JC Virus Antibody Seropositivity Index Decreases with Reduced Infusion Frequency in Natalizumab-Treated Multiple Sclerosis Patients

Thursday, June 2, 2016
Exhibit Hall
Michael A Mercurio, MD , Neurology, Rush University Medical Center, Chicago, IL
Michael Y Ko, MD , Rush University Medical Center, Chicago, IL
Roumen Balabanov, MD , Rush University Multiple Sclerosis Center, Chicago, IL
Jennifer A Strong, MS , Rush University Multiple Sclerosis Center, Chicago, IL
Dusan Stefoski, MD , Rush University Medical Center, Chicago, IL

Background: Progressive multifocal leukoencephalopathy (PML) is a rare opportunistic infection of the central nervous system (CNS) that can occur in JC virus (JCV) antibody seropositive patients with multiple sclerosis (MS) treated with natalizumab. Atrisk patients are screened for the presence of JCV antibodies at 4-6 month intervals utilizing an index based assay (Focus Labs, CA). High or rising indices are associated with greater risk of PML, which could possibly be reduced by extending natalizumab infusion intervals from 4 to 8 weeks, and conceivably reflected in lower JCV antibody seropositivity index. 

Objectives: To determine whether if there is a statistically significant change in serum JCV antibody indices in natalizumab treated MS patients when extending the infusion frequency from 4 to 8 weeks.

Methods: We retrospectively reviewed 509 charts dated April 2011 to September 2015 of natalizumab treated MS patients aged 18-80 at Rush University Multiple Sclerosis Center. Data were analyzed via a paired t test.

Results: Sixty one patients were included in the study.  Excluded were patients without recorded JCV indices, under the age of 18, had not changed frequency of natalizumab infusions, or developed PML.  The median number of days between the baseline JCV antibody index value and the first followup observation after natalizumab infusion frequency changed to every 8 weeks was 178, and between the first and last observation at extended intervals was 330.  The mean baseline JCV index value was 2.2 (1.09 sd), at first follow-up observation 2.11 (sd 1.1), and 1.8 at last observation (1.01 sd). The change in JCV index value from baseline to first observation was not significant (mean change [sd]= -0.1 [0.6], p=0.2), but decreased significantly from baseline to last observation (mean change[sd]=-0.35 [0.59], p=0.0001) after patients received natalizumab every 8 weeks.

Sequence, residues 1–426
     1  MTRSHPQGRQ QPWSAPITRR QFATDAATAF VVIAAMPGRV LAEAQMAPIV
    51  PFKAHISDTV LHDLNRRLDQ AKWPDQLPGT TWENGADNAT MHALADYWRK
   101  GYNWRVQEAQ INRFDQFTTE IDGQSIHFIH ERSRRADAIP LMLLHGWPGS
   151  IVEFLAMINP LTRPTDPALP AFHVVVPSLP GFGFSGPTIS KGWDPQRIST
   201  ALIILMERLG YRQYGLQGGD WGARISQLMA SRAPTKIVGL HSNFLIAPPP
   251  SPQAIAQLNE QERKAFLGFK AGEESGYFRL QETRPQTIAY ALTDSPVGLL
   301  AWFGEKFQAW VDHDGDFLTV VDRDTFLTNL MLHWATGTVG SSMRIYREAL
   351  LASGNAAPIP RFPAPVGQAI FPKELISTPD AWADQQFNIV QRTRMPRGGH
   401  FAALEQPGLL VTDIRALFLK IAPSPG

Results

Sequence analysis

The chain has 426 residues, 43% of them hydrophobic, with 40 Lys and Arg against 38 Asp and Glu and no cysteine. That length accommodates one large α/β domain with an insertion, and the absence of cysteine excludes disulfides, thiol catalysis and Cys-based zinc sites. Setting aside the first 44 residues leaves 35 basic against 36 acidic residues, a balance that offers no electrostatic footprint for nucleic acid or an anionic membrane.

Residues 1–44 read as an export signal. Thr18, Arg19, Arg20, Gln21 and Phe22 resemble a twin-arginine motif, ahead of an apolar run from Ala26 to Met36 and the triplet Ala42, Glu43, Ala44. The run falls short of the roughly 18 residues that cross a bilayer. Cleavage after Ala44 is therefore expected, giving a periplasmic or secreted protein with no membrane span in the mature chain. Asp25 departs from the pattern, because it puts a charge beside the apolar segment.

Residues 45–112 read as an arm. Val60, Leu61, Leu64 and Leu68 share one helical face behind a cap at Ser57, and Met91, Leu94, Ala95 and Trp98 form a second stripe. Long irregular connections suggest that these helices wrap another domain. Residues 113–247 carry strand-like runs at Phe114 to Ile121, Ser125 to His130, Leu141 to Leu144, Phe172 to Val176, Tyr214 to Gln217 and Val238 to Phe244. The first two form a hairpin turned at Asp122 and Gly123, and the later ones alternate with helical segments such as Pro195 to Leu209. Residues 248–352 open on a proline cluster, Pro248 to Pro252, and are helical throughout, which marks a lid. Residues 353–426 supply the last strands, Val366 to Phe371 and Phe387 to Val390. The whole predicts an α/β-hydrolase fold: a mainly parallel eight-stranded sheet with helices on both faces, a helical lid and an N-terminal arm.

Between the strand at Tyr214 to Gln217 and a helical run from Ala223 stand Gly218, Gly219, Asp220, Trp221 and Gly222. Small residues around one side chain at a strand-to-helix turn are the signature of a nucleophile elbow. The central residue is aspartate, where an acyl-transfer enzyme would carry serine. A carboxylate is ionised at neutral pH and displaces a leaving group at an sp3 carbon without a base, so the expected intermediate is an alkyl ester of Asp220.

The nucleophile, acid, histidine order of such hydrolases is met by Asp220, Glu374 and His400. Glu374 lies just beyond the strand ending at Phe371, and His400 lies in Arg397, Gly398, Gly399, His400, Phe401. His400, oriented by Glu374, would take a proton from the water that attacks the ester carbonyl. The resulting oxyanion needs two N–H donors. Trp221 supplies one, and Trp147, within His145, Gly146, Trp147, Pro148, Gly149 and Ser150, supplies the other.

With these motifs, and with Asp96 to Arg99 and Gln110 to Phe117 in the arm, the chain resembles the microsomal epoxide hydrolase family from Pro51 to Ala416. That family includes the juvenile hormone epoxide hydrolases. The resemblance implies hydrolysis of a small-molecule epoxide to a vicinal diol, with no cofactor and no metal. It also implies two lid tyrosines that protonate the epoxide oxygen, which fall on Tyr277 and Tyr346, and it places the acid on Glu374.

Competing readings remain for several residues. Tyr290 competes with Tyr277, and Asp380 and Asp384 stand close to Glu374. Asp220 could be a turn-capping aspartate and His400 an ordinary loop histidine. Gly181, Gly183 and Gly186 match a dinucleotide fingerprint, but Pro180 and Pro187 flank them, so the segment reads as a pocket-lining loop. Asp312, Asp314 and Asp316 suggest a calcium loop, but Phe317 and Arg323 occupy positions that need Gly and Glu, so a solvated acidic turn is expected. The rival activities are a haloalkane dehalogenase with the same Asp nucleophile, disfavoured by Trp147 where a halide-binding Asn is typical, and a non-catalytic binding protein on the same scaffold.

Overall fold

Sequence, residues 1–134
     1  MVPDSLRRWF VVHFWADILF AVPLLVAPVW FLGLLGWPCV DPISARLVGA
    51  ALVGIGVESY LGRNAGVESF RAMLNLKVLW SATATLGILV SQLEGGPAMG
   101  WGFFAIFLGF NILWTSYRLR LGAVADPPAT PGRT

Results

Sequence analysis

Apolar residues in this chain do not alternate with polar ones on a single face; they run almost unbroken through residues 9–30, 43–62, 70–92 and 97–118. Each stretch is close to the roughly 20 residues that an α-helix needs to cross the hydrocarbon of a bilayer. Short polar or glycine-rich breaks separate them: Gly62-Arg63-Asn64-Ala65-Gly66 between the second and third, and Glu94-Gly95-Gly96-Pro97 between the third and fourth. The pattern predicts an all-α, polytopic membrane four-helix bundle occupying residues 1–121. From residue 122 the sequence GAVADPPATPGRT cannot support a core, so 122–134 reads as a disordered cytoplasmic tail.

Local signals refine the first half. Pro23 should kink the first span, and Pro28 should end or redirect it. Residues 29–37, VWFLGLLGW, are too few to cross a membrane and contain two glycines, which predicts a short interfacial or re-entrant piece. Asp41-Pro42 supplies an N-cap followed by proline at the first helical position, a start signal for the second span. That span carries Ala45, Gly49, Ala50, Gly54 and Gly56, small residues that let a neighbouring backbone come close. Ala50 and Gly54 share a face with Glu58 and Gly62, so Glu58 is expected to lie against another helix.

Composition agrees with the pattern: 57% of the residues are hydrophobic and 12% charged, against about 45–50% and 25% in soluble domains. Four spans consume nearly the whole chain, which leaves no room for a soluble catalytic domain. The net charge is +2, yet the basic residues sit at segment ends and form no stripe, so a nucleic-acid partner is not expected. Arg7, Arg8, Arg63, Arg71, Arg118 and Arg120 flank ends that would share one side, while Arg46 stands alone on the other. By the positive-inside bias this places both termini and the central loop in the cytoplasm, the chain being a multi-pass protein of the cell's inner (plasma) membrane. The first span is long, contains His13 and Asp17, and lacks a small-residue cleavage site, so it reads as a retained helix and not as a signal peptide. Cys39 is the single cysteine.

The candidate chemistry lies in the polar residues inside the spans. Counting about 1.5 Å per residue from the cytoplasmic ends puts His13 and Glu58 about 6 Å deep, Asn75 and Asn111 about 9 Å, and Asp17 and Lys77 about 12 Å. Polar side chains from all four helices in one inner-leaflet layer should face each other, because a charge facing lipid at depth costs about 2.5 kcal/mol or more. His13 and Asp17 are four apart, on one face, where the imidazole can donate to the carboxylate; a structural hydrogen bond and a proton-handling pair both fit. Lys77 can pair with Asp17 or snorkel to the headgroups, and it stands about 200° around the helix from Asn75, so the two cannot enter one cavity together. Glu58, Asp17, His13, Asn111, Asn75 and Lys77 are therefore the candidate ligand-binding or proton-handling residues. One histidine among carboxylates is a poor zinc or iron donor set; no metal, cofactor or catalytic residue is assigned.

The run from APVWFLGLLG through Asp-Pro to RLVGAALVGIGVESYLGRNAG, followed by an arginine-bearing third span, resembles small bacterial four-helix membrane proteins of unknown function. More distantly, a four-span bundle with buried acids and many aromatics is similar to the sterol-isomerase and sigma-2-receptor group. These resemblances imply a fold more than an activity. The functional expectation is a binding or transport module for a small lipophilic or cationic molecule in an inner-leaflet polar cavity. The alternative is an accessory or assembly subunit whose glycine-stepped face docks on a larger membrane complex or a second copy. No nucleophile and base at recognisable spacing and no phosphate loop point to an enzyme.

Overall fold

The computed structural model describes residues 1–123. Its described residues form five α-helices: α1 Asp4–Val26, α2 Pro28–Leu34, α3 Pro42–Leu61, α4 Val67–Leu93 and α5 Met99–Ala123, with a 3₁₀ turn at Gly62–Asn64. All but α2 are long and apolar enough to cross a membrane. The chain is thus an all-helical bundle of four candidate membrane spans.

Conclusions: This study suggests that decreasing the frequency of natalizumab infusions from every 4 to every 8 weeks results in a significant decrease in the JCV antibody index value, which may indicate a lower the risk of developing PML. Further study is warranted to determine the significance of this observation.